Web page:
5. The process of claim 4in which the polymer is a polymer of ureidoisobutyl vinyl ether.

6. The process of claim 4 in which the polymer is a polymer of 5-ureidopentyl vinyl ether.

7. The process of claim 4 in which the polymer a polymer of 2-ureidooctadecyl vinyl ether.

8. A process for preparing alkoxymethyl derivatives of polymers of ureidoalkyl vinyl ethers in which the alkyl group contains two to eighteen carbon atoms which comprises reacting in a solution at a pH between 7 and 10 and at a temperature between and 90 C. formaldehyde and a said polymer, whereby a resulting solution of a polymer of a hydroxymethyl ureidoalkyl vinyl ether is formed, adjusting the pH of the resulting solution to a value between 3 and 5, and reacting between 50 and 100 C. the polymer of said hydroxymethyl compound with an alcohol RoOI-I, where R0 is an alkyl group of not over nine carbon atoms.

9. A process for preparing alkoxymethyl derivatives of polymers of ureidoalkyl vinyl ether in which the alkyl group contains two to eighteen carbon atoms, which comprises reacting in solution at a pH between 7 and 10 and at a temperature between 20 and 90 C. formaldehyde and a said polymer, whereby a resulting solution of a polymer of a hydroxymethyl ureidoalkyl vinyl ether is formed, adjusting the pH to a value between 3 and 5, and reacting between 50 and 100 C. the polymer of said hydroxymethyl compound and a saturated aliphatic monohydric alcohol of not over two carbon atoms,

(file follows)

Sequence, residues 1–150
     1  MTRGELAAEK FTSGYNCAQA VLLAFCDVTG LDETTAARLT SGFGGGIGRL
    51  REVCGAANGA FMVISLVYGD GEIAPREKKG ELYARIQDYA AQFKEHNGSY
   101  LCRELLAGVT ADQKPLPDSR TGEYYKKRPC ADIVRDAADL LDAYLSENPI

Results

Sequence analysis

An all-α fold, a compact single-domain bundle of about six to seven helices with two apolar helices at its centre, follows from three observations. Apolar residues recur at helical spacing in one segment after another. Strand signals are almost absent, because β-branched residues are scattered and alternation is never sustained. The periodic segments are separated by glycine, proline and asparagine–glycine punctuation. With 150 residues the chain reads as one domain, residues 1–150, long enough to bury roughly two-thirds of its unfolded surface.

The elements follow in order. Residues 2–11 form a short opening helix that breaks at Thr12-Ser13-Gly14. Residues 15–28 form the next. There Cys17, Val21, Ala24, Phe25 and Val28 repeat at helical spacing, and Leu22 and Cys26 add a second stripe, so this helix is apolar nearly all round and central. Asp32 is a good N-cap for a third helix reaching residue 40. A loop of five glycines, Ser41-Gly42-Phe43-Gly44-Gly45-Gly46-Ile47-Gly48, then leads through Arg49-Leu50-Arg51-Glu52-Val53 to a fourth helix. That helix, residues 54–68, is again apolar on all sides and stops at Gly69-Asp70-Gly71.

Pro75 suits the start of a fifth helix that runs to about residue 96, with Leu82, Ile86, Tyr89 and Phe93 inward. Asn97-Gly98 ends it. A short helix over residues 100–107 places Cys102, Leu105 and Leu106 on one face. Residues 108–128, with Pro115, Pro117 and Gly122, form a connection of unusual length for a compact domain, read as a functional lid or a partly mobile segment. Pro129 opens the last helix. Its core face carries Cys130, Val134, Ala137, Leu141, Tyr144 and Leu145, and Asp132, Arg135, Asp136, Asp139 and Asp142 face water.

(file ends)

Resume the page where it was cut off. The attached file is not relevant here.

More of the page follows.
wherein A is an alkylene group of two to eighteen carbon atoms, R is a member of the class consisting of hydrogen and hydrocarbon groups of not over ten carbon atoms, and R0 is a member of the class consisting of hydrogen and alkyl groups of not over nine carbon atoms.

11. Polymeric products in which the basic units have the structure 12. Polymeric products in which the basic units have the structure -OHz-(|3H 1 1 OOHzOHzNHCONGHzORu where R0 is an alkyl group of not over nine carbon atoms.

13. Polymeric products in which the basic units have the structure in which A is an alkylene group of four to eighteen carbon atoms.

14. Polymeric products in which the basic units have the structure CH1CH ANHC ONHCHZORD wherein A is an alkylene group of four to eighteen carbon atoms and R0 is an alkyl group of not over nine carbon atoms.

15. Polymeric products in which the basic units have the structure l6. Polymeric products in which the basic units have the structure 17. Polymeric products in which the basic units have the structure References Cited in the file of this patent UNITED STATES PATENTS Number Name Date 2,173,005 Strain Sept. 12, 1939 2,412,993 Larchar Dec. 24:, 1946

Claims (1)